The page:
$3,102,446

($4,643,264)
($2,361,153)
$0
$2,443,715
$4,973,704

Max.

$0

$3,102,446

$4,973,704

($4,877,127)
($3,293,321)
($1,668,102)
$0
$1,712,523
$3,471,074
$5,277,334

($3,448,276)
($2,608,696)
($1,754,386)
($884,956)
$0
$900,901
$1,818,182
$2,752,294
$3,703,704

$0
$0
$0
$0
$0
$0
$0
$0
$0
$0
$0

$5,277,334

$3,703,704

$0

Ten-year swap:
Year
Interest Rate
0
22%
21%
20%
19%
18%
17%
16%
15%
14%
13%
12%
11%
10%
9%
8%
7%
6%
5%
4%
3%
2%

$0

Max.

$0

($9,277,728)
($5,131,655) ($4,798,770)
$0
$0
$5,537,048 $5,146,123
$10,669,852

($12,481,259)
($8,576,610)
($4,422,610)
$0
$4,712,196
$9,736,838
$15,098,859

$5,537,048 $10,669,852 $15,098,859

($14,738,944)
($11,353,448)
($7,777,335)
($3,997,550)
$0
$4,230,538
$8,710,521
$13,457,756
$18,491,519

$18,491,519

($15,996,731)
($13,097,175)
($10,056,465)
($6,866,162)
($3,517,231)
$0
$3,695,897
$7,581,574
$11,668,954
$15,970,840
$20,500,987

($16,140,371)
($13,716,175)
($11,192,723)
($8,564,935)
($5,827,425)
($2,974,471)
$0
$3,102,446
$6,339,731
$9,719,160
$13,248,507
$16,936,056
$20,790,634

$20,500,987 $20,790,634

10

($14,979,417)
($13,045,638)
($11,047,925)
($8,983,558)
($6,849,675)
($4,643,264)
($2,361,153)
$0
$2,443,715
$4,973,704
$7,593,884
$10,308,388
$13,121,580
$16,038,072
$19,062,736

($12,222,222)
($10,825,507)
($9,393,852)
($7,926,072)
($6,420,927)
($4,877,127)
($3,293,321)
($1,668,102)
$0
$1,712,523
$3,471,074
$5,277,334
$7,133,059
$9,040,091
$11,000,356
$13,015,873
$15,088,757

($7,438,017)
($6,666,667)
($5,882,353)
($5,084,746)
($4,273,504)
($3,448,276)
($2,608,696)
($1,754,386)
($884,956)
$0
$900,901
$1,818,182
$2,752,294
$3,703,704
$4,672,897
$5,660,377
$6,666,667
$7,692,308
$8,737,864

$0
$0
$0
$0
$0
$0
$0
$0
$0
$0
$0
$0
$0
$0
$0
$0
$0
$0
$0
$0
$0

$19,062,736

$15,088,757

$8,737,864

$0

1Both swaps have annual resets and payment dates and 12 percent (fixed-rate leg) coupons. For simplicity, analysis assumes a flat yield curve
and that interest rates can either decline by 1 percent, increase by 1 percent, or stay the same every year. Parentheses indicate negative values.

The legal risks associated with the use of collateral have been the subject of much recent discussion. Collateral offers substantial protection for
swap transactions that are subject to U.S. law since
such collateral is specifically recognized in the Financial Institutions Reform Recovery and Enforcement Act of 1989; in addition, swaps counterparties
are exempt from the automatic stay provision of the

U.S. bankruptcy code.48 In other segments and jurisdictions, however, collateral can give rise to
legal risks at the same time that it alleviates coun-

48See Wallace (1994). A U.S. bankruptcy bill under consideration in 2000 sought to further clarify the U.S. legal environment
for OTC derivatives.

27

III

OTC DERIVATIVES MARKETS: SIZE, STRUCTURE, AND BUSINESS PRACTICES

Box 3.6. Legal Risks in OTC Derivatives Markets


OTC derivatives are more lightly regulated than exchange-traded derivatives, so it is not surprising that
OTC derivatives transactions have given rise to a number of legal disputes. A recent study found that 76 percent of derivatives cases filed in U.S. federal courts involved OTC derivatives.1 A number of high-profile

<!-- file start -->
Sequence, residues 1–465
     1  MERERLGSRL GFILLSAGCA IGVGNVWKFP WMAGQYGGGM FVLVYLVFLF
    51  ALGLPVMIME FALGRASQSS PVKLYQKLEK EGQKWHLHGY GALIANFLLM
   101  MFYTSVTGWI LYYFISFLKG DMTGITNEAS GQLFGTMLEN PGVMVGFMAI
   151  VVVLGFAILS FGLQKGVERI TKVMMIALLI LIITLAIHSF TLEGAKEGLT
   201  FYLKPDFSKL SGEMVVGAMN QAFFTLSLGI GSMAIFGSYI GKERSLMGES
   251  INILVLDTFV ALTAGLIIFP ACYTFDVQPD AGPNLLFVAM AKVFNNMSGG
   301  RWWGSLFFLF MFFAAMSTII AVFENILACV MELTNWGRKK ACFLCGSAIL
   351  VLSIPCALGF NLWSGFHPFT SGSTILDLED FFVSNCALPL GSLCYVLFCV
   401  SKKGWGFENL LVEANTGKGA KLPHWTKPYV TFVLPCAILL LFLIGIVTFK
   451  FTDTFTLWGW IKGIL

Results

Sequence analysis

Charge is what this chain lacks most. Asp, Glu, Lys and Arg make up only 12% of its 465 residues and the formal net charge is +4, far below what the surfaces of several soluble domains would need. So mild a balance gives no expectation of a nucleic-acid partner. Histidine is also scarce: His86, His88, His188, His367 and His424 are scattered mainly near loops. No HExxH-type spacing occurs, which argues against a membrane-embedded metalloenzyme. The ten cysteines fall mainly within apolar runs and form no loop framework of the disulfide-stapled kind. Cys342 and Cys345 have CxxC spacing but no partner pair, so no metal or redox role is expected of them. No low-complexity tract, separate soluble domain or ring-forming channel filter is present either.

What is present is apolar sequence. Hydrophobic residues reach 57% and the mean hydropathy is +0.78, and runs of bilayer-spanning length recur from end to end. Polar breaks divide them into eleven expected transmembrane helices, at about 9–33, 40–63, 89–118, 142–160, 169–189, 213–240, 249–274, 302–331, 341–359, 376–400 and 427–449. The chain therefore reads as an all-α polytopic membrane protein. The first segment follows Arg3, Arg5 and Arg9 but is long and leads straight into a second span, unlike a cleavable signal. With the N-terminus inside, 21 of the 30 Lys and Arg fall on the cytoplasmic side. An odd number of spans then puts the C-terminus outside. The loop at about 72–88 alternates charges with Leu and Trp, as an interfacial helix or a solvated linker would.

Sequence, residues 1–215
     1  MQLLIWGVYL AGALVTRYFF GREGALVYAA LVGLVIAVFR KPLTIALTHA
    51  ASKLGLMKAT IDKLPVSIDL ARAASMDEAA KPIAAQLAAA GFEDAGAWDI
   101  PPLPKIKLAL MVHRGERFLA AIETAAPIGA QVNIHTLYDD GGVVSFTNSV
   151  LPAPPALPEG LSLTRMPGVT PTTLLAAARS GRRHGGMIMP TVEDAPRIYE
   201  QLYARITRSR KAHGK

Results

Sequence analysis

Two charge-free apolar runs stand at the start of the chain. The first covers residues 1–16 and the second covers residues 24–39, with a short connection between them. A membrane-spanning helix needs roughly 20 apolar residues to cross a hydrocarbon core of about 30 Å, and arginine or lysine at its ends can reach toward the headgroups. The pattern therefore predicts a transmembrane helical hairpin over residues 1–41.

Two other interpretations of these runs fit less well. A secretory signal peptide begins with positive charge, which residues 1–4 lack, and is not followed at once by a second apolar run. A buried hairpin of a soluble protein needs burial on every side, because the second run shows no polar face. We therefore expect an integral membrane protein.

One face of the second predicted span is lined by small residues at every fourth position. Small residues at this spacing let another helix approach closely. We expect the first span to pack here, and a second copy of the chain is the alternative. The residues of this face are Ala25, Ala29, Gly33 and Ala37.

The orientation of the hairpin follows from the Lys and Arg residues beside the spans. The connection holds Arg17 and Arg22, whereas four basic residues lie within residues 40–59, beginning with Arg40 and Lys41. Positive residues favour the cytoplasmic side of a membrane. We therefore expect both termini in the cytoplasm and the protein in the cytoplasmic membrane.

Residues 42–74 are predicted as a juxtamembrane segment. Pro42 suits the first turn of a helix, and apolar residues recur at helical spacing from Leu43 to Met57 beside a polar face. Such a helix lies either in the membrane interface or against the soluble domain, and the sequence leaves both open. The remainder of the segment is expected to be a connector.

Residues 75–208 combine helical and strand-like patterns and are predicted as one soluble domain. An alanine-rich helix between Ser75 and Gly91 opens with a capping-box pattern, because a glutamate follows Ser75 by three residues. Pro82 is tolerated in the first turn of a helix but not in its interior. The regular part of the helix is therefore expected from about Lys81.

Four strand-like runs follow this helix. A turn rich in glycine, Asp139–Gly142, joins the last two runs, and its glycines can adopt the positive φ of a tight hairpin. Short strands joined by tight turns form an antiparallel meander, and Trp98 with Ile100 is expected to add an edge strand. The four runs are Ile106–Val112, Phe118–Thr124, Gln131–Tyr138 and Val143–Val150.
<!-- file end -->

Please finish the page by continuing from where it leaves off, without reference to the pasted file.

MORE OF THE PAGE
cases have illustrated the legal risks in OTC derivatives
markets:
Fiduciary Duty in Swap Agreements, and the
Legal Environment for Swaps: Procter & Gamble vs.
Bankers Trust (United States, 1996): This is often
viewed as among the first decisions bearing on the OTC
derivatives markets, though the judge who ruled made it
clear that his decision was meant to apply only to the
specific arrangements at hand. Procter & Gamble
(P&G) had entered a number of swaps with Bankers
Trust (BT), including several highly leveraged swaps
linked to interest rates and currencies. In the event,
P&G lost some $150 million on the swaps, and claimed
(among other things) that: (1) owing to its longstanding
relationship with BT, BT owed it a fiduciary duty under
these arrangements, and that BT had failed to perform
this duty in the context of these swaps; (2) the agreements violated various provisions of, among other
things, the Commodity Exchange Act (CEA) and Ohio
law. The court ruled that the bilateral, principal-to-principal relationship between P&G and BT did not give
rise to a fiduciary duty on BTs part. It also ruled that
the swap agreements were exempt from the CEA and
that the choice of law provision in the swap agreements
(which specified that New York law would govern the
agreements) precluded claims under Ohio law.
Ultra Vires: Hazell vs. Hammersmith and Fulham
LBC (United Kingdom, 1991). During 198789, the
local authorities of the London borough of Hammersmith and Fulham entered about 600 swaps and swap
derivatives transactions totalling some 6 billion in
notional amounts, almost all speculative rather than
hedging transactions. After the swaps and swap derivatives went out of the money (by some hundreds of millions of pounds), the authoritys auditor asked to have
the transactions declared void, claiming that Hammersmith and Fulham did not have the authority to enter
them (that is, that the swaps were ultra vires). The U.K.
court agreed, notwithstanding some prior legal opinions obtained by some counterparties that local authorities did have the power to enter such transactions for
risk-management purposes. The decision effectively
voided numerous other transactions undertaken by
U.K. local authorities, triggering a rash of litigation
(however, the court noted that the rights of the authorities and their counterparties to recover payments would
have to be determined on a case-by-case basis).

1 PricewaterhouseCoopers, Derivatives Litigation Study